Affluenza: The All-Consuming Epidemic: A Book Review and Life Review

Do you suffer from Affluenza? Do you feel overloaded with stuff? Do you feel as if you have to work harder just to keep with payments on what you’ve already bought while seeing something new every day that you want? Are you lost in hopeless debt? Are you anxious about whether you’ll be able to afford retirement? Do you just feel as if there is way too much emphasis on having you want rather than wanting what you have? If you answered yes, then you, my friend, caught a case of Affluenza.

Affluenza was originally the name of a PBS show but spunoff into a book and other related media. It has become one of the bibles of the burgeoning anti-consumerism movement. Ever notice how when people say Americans are so much better off than they used to be that the evidence they use to support this fact is that so many Americans now have cable TV, video game consoles, DVD players, iPods and computers? The fact that most of those people are also in debt, or that that in order to pay for a $1000 computer they’ve paid over $500 in credit card interest by the time it’s paid off doesn’t appear to concern them.

Affluenza was eye-opening when I read it. We all know the standard 40 hour work week is the only way to do business, right? And we all know that most of us work far more than 40 hours. But there’s no other way to be productive, is there? Did you know that in the 1930 Kellogg’s offered its workers 35 hours of pay for a 30 hour work week? This couldn’t possibly have worked, right? Guess what, productivity rose so much that in two years that workers were getting paid for thirty hours of work what they had previously been paid for forty hours of work.

The system in America has been naturalized. We accept it as the natural way of doing things and don’t question it. After all, why should we, without DVDs and iPods and internet? Let me ask you this: Do you feel as though you are working longer hours than your parents did at the same age? And yet you’re being told that you have to work harder to keep up production levels. Well here’s a little secret that I came across in Affluenza and then looked up to make sure it was on the level.

Workers today could put in a twenty hour week – in most cases – and the company would be at the same productivity level they were at twenty years ago. In other words, you’re working twice as hard not to keep up, but to charge ahead. But workers aren’t getting paid double what they were twenty years ago. In fact, once you add in unpaid overtime, inflationary expenses for daily living, time and money spent during commuting and everything else that makes daily living so much more expensive, the average worker is this unenviable position: He is working twice as much as necessary, keeping anywhere from 10 to 25 percent less of his paycheck, is in up to three times more debt and losing benefits to boot. On the other hand, corporate profits have risen in some case well over 100% from twenty years.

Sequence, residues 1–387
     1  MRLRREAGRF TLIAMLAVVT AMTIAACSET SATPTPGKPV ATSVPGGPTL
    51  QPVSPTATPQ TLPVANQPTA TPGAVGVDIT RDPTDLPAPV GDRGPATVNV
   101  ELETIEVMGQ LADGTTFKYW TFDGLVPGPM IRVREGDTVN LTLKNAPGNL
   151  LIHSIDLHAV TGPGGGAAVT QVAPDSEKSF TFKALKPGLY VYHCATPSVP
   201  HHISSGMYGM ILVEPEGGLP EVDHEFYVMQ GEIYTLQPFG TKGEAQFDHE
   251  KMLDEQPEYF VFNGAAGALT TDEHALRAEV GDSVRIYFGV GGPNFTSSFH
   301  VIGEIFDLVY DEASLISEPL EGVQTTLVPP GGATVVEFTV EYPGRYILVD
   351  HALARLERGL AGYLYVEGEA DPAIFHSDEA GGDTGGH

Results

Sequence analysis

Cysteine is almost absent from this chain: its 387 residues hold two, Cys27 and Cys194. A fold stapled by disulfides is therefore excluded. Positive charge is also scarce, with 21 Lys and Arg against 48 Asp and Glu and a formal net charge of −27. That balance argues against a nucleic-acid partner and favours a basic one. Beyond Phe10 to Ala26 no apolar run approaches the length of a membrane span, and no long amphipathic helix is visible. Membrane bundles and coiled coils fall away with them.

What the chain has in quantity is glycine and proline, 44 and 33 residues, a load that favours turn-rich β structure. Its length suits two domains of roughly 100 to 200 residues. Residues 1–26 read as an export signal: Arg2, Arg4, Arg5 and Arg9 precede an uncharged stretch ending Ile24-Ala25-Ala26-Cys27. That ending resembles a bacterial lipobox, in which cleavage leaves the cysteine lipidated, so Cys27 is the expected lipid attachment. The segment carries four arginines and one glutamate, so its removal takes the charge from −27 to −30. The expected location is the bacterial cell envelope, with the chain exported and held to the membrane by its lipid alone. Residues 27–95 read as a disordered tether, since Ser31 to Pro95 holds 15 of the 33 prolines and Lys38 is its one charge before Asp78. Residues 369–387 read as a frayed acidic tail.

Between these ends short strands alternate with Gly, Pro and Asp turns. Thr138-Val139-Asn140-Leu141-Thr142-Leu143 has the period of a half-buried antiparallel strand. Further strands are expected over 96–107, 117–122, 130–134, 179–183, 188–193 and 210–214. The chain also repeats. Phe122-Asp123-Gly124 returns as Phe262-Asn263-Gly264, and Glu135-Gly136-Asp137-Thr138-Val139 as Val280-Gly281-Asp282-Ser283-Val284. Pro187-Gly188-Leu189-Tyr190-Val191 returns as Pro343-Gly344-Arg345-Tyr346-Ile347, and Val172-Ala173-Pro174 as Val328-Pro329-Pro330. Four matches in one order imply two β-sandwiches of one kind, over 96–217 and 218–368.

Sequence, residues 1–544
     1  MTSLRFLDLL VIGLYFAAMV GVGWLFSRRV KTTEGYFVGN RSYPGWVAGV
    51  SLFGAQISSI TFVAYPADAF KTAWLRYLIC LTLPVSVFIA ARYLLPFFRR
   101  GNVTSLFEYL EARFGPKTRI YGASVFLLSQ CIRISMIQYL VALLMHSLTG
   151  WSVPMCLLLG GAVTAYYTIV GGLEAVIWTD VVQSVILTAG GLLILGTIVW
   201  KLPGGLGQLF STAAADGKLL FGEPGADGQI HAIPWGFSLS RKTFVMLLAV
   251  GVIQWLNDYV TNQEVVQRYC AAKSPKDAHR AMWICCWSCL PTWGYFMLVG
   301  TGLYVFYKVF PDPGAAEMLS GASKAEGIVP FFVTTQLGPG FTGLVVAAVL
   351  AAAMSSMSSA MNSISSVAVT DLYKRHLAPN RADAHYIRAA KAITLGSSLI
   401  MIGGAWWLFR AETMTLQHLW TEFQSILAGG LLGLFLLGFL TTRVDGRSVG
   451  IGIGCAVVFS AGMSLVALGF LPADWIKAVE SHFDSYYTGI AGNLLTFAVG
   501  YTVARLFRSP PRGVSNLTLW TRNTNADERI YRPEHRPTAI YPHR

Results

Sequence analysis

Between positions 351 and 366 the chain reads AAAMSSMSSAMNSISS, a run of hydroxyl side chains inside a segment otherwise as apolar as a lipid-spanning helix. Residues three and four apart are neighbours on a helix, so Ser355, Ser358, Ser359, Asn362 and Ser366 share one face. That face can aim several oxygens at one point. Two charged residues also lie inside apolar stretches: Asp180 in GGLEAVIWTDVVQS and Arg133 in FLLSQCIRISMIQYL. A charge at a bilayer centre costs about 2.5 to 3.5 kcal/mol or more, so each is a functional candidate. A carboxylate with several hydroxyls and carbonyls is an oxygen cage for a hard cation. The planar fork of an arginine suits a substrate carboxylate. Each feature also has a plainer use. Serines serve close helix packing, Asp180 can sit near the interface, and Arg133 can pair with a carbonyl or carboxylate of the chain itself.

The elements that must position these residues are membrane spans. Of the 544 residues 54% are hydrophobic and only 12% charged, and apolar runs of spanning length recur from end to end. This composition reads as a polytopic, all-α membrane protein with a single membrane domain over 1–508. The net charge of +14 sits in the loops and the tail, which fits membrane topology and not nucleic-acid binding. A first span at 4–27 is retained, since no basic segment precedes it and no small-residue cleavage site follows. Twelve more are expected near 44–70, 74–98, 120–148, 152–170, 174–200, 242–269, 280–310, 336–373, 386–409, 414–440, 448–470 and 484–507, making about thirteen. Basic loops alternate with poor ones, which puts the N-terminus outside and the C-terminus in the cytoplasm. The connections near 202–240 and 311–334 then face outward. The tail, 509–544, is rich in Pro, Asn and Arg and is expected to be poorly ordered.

Affluenza is not just a book, it’s a real condition. Everybody is working longer in order to make more money to buy things that are gong to be obsolete or at least out of date within five years. In the meantime, actual leisure time is down. Consider these startling statistics from the book: The time that parents spend with children has declined by as much as 40 percent in just the last generation, and one study concluded that the average family members spend only 12 minutes a day in conversation with each other.

There are far too many shocking real life cases and statistics included in Affluenza to detail here. My suggestion for you if you are beginning to question the whole process of working longer to enjoy life less is to start with the web site and start on the path toward a cure.

After reading Affluenza you may decide that doing with less is the path to happiness. There’s certainly nothing wrong with owning things. But you need to make sure that you buy something not because you think it’s going to make you happy, but rather because it is something that enhance your enjoyment of life. There’s an added benefit to buying less: It gives you control over the corporations that have been telling you how you should look and what you should wear and what you need in your life to make you content. Buy less and piss them off!

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